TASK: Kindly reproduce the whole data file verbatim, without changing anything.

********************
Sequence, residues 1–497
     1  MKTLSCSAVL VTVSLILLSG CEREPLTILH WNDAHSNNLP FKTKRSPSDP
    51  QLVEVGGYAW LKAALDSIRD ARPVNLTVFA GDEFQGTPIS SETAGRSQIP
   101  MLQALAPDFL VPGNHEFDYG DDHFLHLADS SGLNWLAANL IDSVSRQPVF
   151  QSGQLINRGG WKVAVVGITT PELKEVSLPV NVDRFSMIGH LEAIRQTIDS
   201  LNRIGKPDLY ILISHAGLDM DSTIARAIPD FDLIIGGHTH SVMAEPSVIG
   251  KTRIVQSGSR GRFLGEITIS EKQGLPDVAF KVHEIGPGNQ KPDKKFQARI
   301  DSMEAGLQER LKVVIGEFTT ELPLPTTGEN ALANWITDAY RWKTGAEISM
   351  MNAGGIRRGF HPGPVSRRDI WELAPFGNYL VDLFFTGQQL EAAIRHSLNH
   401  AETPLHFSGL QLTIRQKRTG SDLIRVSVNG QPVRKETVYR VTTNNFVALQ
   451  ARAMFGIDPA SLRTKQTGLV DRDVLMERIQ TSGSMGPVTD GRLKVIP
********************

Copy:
Sequence, residues 1–497
     1  MKTLSCSAVL VTVSLILLSG CEREPLTILH WNDAHSNNLP FKTKRSPSDP
    51  QLVEVGGYAW LKAALDSIRD ARPVNLTVFA GDEFQGTPIS SETAGRSQIP
   101  MLQALAPDFL VPGNHEFDYG DDHFLHLADS SGLNWLAANL IDSVSRQPVF
   151  QSGQLINRGG WKVAVVGITT PELKEVSLPV NVDRFSMIGH LEAIRQTIDS
   201  LNRIGKPDLY ILISHAGLDM DSTIARAIPD FDLIIGGHTH SVMAEPSVIG
   251  KTRIVQSGSR GRFLGEITIS EKQGLPDVAF KVHEIGPGNQ KPDKKFQARI
   301  DSMEAGLQER LKVVIGEFTT ELPLPTTGEN ALANWITDAY RWKTGAEISM
   351  MNAGGIRRGF HPGPVSRRDI WELAPFGNYL VDLFFTGQQL EAAIRHSLNH
   401  AETPLHFSGL QLTIRQKRTG SDLIRVSVNG QPVRKETVYR VTTNNFVALQ
   451  ARAMFGIDPA SLRTKQTGLV DRDVLMERIQ TSGSMGPVTD GRLKVIP